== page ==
Art Perm or Art is Waste?

Illustration and Text by Kim Kluge

Every creative process begins with an inspiration, a coincidence, an idea. It can be about content or of formal nature. Suddenly it is there! It flies to me and I seize it. Where does it actually come from? What is the origin? Does it come from outside or from inside? It just appears in front of my inner eye. After receiving an inspiration, the experiment begins. With material and variety of forms. Trying out what happens when…. Ideas bubble up and…get many children. The artistic work process is activated. A “run” toward the perfect work gets underway. Material exploration, formation, deformation, warping. Every artistic process also involves the destruction of overly pleasing sequences that wear down the work into the arbitrariness of a purely decorative act. The work, no matter how abstract, should tell a story. Without words. The joy of art creators lies in the creative process itself.

There are two existences of one and the same work. It is a baby and the waste of an artistic process at the same time. On the one side is the producer, the “creator”, on the other the conaisseur, the “consumer”. For artists, the actual work consists in making it. As soon as it is finished, if everything goes well, there is an AHA! experience. A kind of euphoria after a difficult birth process. Most artists produce many such “newborns” in the course of their countless creative periods. A birth, however, would also have to include parenthood. But this is basically where the work ends. Authors and authors give, if it goes well with the sales, provided that parents are found, their babies simply away!

The product of artistic creation is seen in this way probably a waste product?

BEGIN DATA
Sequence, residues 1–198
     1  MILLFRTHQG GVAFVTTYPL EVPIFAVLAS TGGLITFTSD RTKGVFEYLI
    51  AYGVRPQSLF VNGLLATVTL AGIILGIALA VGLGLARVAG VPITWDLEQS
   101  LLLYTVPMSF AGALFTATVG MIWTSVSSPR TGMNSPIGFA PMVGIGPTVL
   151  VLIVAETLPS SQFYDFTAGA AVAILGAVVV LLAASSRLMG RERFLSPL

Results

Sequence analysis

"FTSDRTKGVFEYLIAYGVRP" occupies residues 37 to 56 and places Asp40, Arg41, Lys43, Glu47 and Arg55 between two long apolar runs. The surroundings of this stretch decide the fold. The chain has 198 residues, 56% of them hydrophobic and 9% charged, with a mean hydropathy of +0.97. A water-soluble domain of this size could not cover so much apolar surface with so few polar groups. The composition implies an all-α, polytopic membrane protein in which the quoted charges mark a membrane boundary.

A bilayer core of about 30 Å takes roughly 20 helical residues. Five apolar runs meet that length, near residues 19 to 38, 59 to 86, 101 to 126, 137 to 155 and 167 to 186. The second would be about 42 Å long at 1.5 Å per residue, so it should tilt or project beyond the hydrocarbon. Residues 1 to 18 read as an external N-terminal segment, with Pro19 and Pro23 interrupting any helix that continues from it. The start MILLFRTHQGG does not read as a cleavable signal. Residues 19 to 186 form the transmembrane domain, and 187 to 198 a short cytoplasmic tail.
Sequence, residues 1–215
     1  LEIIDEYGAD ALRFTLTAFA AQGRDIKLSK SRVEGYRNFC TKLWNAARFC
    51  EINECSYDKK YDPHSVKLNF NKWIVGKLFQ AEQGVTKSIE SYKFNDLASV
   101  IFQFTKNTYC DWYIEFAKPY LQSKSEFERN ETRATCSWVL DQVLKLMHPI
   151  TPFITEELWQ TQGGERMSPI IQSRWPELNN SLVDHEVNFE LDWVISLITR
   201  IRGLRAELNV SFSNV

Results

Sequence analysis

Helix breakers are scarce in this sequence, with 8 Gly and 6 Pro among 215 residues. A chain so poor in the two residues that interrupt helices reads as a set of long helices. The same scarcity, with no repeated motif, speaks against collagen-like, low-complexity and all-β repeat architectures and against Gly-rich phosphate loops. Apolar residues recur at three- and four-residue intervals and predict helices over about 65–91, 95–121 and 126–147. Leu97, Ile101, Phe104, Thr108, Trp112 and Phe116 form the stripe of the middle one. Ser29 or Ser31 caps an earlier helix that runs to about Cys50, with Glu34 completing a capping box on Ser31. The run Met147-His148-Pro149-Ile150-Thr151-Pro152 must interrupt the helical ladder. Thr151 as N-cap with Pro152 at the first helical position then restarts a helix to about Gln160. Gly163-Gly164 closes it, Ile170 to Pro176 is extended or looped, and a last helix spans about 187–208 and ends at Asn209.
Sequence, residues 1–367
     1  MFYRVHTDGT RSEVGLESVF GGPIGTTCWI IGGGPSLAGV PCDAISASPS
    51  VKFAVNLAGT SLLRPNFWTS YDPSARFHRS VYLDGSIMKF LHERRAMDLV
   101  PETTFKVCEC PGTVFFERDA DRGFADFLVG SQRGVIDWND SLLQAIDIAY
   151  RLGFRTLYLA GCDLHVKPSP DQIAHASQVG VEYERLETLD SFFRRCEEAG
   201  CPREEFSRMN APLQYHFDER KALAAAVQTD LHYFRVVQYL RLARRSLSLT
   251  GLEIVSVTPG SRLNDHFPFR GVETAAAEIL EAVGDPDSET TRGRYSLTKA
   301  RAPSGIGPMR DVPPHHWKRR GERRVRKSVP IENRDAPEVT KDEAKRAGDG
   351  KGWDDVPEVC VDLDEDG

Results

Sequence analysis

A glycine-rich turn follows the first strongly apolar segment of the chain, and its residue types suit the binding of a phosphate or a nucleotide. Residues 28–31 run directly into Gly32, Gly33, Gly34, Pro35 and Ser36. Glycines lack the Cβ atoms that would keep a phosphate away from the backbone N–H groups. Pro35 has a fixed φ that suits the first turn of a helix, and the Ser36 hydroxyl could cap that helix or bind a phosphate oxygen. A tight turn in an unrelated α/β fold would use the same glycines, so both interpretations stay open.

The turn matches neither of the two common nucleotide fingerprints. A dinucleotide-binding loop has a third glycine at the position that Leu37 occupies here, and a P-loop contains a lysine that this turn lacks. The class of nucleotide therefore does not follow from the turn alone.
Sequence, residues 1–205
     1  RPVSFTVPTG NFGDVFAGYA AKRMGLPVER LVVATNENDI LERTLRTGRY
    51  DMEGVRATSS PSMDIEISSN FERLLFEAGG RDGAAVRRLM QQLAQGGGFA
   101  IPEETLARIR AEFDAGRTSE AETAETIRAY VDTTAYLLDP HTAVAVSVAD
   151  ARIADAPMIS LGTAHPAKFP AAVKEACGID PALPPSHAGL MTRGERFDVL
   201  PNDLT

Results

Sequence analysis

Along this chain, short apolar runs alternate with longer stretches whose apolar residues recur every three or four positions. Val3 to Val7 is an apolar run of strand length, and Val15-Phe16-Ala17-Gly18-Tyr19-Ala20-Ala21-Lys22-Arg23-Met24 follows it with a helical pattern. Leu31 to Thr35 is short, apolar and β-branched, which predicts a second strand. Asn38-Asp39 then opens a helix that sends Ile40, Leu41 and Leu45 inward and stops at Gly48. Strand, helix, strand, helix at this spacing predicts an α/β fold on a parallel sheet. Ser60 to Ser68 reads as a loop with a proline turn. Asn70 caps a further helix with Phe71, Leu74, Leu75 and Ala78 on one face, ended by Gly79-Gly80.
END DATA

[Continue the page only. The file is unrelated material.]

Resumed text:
Question mark –  exclamation mark! Of course we exchange the result of an artistic process for money. After all, we would have to pay for garbage. But who would sell one’s baby? Only unfortunate parents or parents in existential distress would do such a thing! So are we artists all raven parents or existentially needy people who give away their precious sweet cuddly babies?

Or does the work only really become a baby and thus perfect as a work of art when it is taken up into the loving arms of an art lover? Is it simply a waste product of an artistic process when it is given away from the artistic hand? Or is it both? Baby and waste in one? What is one person’s waste product is another person’s favorite work.

While for creative people the work ends with completion, for art lovers it begins with the receipt of the new work. This work is so completely different. One takes it in, allows it to have an effect on oneself, looks at it again and again and receives always new impressions. Viewer and work enter into a form of communication with each other. The existence of the work of art stimulates new processes. Our societies and economies are inspired and encouraged by the abstract processes of art to take new paths through imponderable terrain of banal concrete challenges. In this respect, of course, art is not garbage. After all, we would rather get rid of garbage than display it in our museums.

Artistic process as a permanent wave

One could also consider the artistic process as a kind of permanent wave. A permanent wave of becoming and passing away. A permanent wave of creating and letting go. Artists show how not to cling to earthly things. Art as a kind of recycling product. The waste of the artistic thought is revived by the presentation on a gallery or museum wall. What is already outdated for art creators by new processes, so to speak, shines in new splendor for the viewer. He or she will always have a different view of the work than the artist himself or herself. This way, the subject of waste takes on a new dimension. We simply declare our household waste to be art. And the obsessive desire to make everything disappear that we don’t like is transformed into a new way of thinking about unwanted remnants of our existence. Thus, in light of climate change and the destruction of our habitat, we look at our old waste in a new light. In the light of artistic processes of abstraction. The perm of art can be a guide to not only recycle our waste. We might also learn to love our household waste.

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